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- The Javanese who must perform the dangerous office of making these animals quit their cages, may not, when they have done, notwithstanding they are in great danger of being torn in pieces by the enraged beasts, leave the open space, before they have saluted the emperor several times, and his majesty has given them a signal to depart; they then retire slowly, for they are not permitted to walk, fast, to the circle, and mix with the other Javanese.'

• The emperors sonetimes make criminals condemned to death fight with tigers. In such cases, the man is rubbed with berri, or turmeric, and has a yellow piece of cloth put, round him, a kris ist then given to him, and he is conducted to the field of combat.

· The tiger, who has, for a long time, been kept fasting, falls, upon the man with the greatest fury, and generally strikes him down at once, with his paw, but if he be fortunate enough to avoid thise, and to wound the animal, so that it quits him, the emperor then commands him to attack the tiger; and the man is then generally the victim: and even if he ultimately succeed in killing his ferocious. antagonist, he must suffer death, by the command of the emperor,

• An officer in our Company's service, who had long been stationed at the courts of the Javanese emperors, related to me, that he was once witness to a most extraordinary occurrence of this kind, namely, that: a Javanese who had been condemned to be torn in pieces by tigerss and, for that purpose, had been thrown down, from the top, iuio a: karge care, in which several tigers were confined, fortunately fell exactly upon the largest and fiercest of them, across whose back he sat astride, without the animal doing him any harm, and even, on the contriry, appearing intimidated; while the others also, awed by the unusual posture and appearance which he made, dared not at-: tempt to destroy ķim; he could not, however, avoid the punishment of death, to which he had been condemned, for the emperor conimanded him to be shot dead in the cage.'

From Batavia, the author was ordered to Macasser and to Amboyna.-The inhabitants of Celebes are by most writers described as a very enterprising and capable people. The Captain has given an account of some of the kingdoms into which the southern part of Celches is divided ; and he has also related the manner in which his countrymen established themselves on the island : which appears to have been effected by a system of interference in the quarrels of the different chiefs, similar to that which they practised at Java. Some of the small states' in this island have been described as under a republican form of government, or rather under an aristocracy. The king of Goach, who is tributary to the Company, the author tells us, is subject to the laws of the land, and may rot perform any important regal functions, without the concurrence and approbation of the body of the nobility. Crimes are punished according to laws, &c.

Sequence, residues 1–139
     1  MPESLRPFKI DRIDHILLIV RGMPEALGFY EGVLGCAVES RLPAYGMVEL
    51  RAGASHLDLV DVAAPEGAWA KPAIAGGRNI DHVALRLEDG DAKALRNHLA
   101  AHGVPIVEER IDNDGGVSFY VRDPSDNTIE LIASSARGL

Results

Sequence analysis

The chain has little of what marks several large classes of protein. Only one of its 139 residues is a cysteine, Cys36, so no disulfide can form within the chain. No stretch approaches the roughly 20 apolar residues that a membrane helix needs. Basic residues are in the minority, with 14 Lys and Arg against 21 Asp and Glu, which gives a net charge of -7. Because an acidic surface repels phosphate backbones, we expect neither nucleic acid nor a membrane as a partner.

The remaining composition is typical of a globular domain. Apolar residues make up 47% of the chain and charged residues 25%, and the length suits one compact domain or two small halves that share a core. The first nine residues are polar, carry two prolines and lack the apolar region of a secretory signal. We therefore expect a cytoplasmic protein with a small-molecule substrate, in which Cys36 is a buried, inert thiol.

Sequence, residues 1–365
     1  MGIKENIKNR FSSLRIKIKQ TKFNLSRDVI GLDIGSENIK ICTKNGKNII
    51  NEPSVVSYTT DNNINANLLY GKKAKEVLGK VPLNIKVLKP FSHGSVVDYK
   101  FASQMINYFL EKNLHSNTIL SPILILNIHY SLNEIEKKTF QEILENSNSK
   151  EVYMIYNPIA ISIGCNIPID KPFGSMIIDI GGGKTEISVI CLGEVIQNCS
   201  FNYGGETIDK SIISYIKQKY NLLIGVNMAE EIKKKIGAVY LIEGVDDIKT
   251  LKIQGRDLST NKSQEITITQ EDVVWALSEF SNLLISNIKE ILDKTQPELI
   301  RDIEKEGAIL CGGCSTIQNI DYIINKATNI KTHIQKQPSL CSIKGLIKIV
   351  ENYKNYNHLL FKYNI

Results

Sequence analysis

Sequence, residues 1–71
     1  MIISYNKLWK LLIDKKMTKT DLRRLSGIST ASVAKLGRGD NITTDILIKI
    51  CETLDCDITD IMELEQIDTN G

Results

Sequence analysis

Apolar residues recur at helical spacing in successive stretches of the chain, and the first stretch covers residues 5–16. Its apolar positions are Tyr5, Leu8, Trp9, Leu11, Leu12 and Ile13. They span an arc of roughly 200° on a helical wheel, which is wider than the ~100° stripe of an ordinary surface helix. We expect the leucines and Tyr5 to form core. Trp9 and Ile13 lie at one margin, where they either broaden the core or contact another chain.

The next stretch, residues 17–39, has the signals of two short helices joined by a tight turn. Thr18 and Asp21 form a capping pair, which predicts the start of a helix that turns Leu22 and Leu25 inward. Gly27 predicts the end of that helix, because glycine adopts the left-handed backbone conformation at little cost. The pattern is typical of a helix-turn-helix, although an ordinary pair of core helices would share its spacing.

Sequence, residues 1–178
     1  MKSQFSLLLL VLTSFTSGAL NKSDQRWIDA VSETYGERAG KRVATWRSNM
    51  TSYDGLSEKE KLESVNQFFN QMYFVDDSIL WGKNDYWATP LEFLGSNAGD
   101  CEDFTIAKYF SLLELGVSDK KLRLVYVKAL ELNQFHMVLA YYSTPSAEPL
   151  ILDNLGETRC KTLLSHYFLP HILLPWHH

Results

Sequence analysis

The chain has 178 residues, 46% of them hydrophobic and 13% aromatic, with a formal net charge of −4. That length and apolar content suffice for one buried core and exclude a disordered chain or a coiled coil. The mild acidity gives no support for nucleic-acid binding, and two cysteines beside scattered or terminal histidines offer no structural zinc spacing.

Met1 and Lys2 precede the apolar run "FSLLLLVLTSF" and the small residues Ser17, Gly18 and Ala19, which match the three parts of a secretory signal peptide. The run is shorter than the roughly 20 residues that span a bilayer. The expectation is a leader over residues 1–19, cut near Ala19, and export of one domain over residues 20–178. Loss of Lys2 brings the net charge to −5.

The authority of the Dutch Company in Celebes, in the author's time, had considerably declined. in the disputes 17



between the kingdoms of Macasser and Boni, the former being the more powerful, the politics of the Dutch led them to assise the people of Boni, and for a long time it was an adopted maxim that Macasser should be continually kept under. This maxim, says the Captain, was so strictly observed, that Boni has been rendered so great and powerful, that it is at present out of all question to prescribe bounds or rules to that kingdom. Wadjo, another kingdom, to the north of Boni, likewise maintains itself independent. The author characterises the people as living very peaceably among themseives ; and as being the greatest merchants of Celebes, and at present, also, the richest and most redoubted nation of the island. They pay no regard to any engagements either with the Company or with Boni, alleging that they have been cancelled by the last war.'

The principal production of Celebes is rice; of which the island yields more than a sufficiency for its inhabitants, though they are ve numerous. A slave-trade is likewise carried on here; and Batavia, and many of the eastern Dutch settlements, are provided with slaves from Celebes. They are, in general, kidnapped and sold in secret to the Europeans, who carry them away in their ships.'

The scenes of cruelty and cool villainy, which are so frequently laid open in the narrative of this voyage, cannot fail to produce, in every considerate and humane mind, a sentiment of shame and indignation, at the callous and depraved conduct of our fellow-creatures. Many of the East-Indian nations (not exempting the Malays) are violent in the pursuit of their revenge, and but little restrained by principle in the pursuit of their interest. The picture here exhibited of the European represents a character less addicted to revenge, and more steadily intent on his interest : but capable of deliberately destroying others, or of inflicting on them any misery which he conceives will conduce to that interest.